The latter link has been greatly helped by the EC intention to sign a data agreement linked to Copernicus. Indeed, we find it useful to elaborate our strategy in close alignment with the EC actions. If a data sharing agreement is signed, this can open the door for industry to meet local partners and establish business links. This has happened most recently in India when we were able to have EARSC companies present during the exchanges.
Further missions are planned for later this year and we shall keep all our members informed of the opportunities and with the support of the EC, open up business to business meetings and links in each case. Last year we were in Chile and Bolivia as well as in Japan and the US.
In addition to the Australian mission (see previous blogpost EU-Australia Partnerships) and those identified above, this year we shall be in Egypt for the bi-annual AARSE conference and in Kyoto for the GEO plenary. Other missions may be identified on an ad-hoc basis.
For next year and beyond, we have an EARSC Internationalisation working group which serves to set the priorities for IDEEO and other mission priorities. Keep an eye on our web-site for news and if you wish to benefit and/influence our programme; you can always become a member of EARSC!!
Last week, I was extremely pleased to accompany our latest trade mission with 7 European companies to Australia. The goal was to enable meetings between potential partners to work together on EO geospatial services in the context of the Copernicus agreement signed between the EU and Australia. One further partnership was cemented during the week through an MoU between EARSC and CRCSI.
Both Geoscience Australia and CRC for Spatial Information (CRCSI) coordinated 4 days of meetings and I feel really proud that EARSC was able to work with them during the week. Only recently has EARSC developed the capacity to undertake this type of support activity which we continue to expand upon. I believe there is enormous potential to develop some deep and lasting business partnerships. Graeme Kernich and especially Phil Delaney, both from CRCSI, did a fantastic job in setting up the programme.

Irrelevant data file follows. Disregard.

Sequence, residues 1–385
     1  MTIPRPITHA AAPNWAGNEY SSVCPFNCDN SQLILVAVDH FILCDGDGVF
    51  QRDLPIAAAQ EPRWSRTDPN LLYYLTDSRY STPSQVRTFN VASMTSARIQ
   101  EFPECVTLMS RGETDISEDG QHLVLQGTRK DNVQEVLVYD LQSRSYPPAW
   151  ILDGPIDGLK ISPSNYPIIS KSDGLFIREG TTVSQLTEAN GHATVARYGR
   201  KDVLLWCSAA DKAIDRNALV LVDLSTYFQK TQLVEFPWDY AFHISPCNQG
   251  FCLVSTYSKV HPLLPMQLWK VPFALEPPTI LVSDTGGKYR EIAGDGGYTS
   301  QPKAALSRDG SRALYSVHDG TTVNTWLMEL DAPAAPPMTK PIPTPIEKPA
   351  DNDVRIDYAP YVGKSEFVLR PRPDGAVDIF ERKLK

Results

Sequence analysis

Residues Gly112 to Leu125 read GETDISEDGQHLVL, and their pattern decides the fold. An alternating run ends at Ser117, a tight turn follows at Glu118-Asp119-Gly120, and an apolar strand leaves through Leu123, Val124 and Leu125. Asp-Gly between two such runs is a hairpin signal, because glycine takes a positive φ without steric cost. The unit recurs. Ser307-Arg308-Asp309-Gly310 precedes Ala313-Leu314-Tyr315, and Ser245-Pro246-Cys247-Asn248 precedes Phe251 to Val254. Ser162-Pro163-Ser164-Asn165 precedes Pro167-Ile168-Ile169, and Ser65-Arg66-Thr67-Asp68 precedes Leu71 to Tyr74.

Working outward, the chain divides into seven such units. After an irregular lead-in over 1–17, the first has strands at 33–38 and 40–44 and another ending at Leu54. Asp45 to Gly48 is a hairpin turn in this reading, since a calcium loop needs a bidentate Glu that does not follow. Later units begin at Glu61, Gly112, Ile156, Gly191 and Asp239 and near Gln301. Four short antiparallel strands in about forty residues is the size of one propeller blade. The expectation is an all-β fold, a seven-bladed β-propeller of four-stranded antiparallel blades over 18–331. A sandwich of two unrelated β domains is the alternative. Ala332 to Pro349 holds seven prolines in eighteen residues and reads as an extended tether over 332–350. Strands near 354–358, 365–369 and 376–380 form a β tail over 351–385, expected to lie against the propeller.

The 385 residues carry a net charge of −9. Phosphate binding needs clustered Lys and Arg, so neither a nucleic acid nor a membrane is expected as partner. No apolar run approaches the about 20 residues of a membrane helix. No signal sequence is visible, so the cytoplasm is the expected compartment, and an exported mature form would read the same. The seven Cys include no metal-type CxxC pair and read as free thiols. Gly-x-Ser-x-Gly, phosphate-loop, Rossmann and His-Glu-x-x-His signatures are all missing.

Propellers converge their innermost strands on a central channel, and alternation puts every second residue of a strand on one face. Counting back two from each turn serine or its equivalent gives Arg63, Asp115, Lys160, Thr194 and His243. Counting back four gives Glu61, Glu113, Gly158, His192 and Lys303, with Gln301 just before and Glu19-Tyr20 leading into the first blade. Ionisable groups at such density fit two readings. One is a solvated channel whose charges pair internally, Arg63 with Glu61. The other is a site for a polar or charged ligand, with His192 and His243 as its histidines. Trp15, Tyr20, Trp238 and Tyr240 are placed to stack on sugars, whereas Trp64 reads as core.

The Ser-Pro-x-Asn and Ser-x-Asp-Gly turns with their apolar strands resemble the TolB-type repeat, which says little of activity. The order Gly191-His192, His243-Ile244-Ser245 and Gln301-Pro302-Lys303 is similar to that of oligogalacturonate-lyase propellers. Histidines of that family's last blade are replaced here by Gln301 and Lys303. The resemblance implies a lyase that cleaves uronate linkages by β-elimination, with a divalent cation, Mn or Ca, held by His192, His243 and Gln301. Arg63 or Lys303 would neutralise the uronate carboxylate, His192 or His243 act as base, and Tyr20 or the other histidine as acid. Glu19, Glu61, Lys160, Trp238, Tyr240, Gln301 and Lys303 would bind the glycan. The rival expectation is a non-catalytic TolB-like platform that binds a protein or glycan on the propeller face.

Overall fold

We started on Monday in Brisbane hosted by QUT with 30 Australian EO companies meeting with the 7 European companies who had made the trip. We learned that Queensland is very advanced in the use of EO to support state-wide decision making and I explained how Copernicus is set-up in Europe and what the potential partnership opportunities could be. There is a strong willingness to exploit the free and open data policy to promote business.
One of the key instruments is H2020 where a call later this year will enable European and Australian companies to work together. Whilst Australia is a partner to H2020, this specific call under the space activity is aimed to strengthen international ties and as such Australian companies will be able to receive funding just as any European company. Whilst this funding is limited, if we can demonstrate successful co-operations, the programme line could be extended in the future. Paul Nugent and I explained how H2020 works and how teams could be set-up to respond successfully.
On Tuesday we moved on to Canberra, the political capital of Australia, and a meeting with Geoscience Australia to hear about their work and especially on the Data cube approach which they have pioneered. Adam Lewis explained the background and the opportunity to work together. Personally, I see a lot of potential there for an interesting project and commercial opportunities.
We also heard about Geoscape which is an interesting initiative by PSMA. Geoscape seeks to provide the answer to the question “What is at an address?” PSMA was established some 20 years ago to commercialise government-owned digital map data; which is a business model under threat from the open data movement. PSMA has taken the initiative to stay ahead by supplying high-resolution geospatial data across Australia. The main source of content is coming from satellites and PSMA are steadily adding features into the Geoscape product. It is definitely an area to watch with potential for international co-operation.
We were joined in Canberra by Andreas Veispak from the EC and were really pleased to have his direct support. One of the main interests in Australia is the access to and exploitation of Copernicus data. At the time of the visit, Australia was one of only 2 countries to have signed an agreement with the EU to access the Sentinel data and collaboration between enterprises will be a major achievement.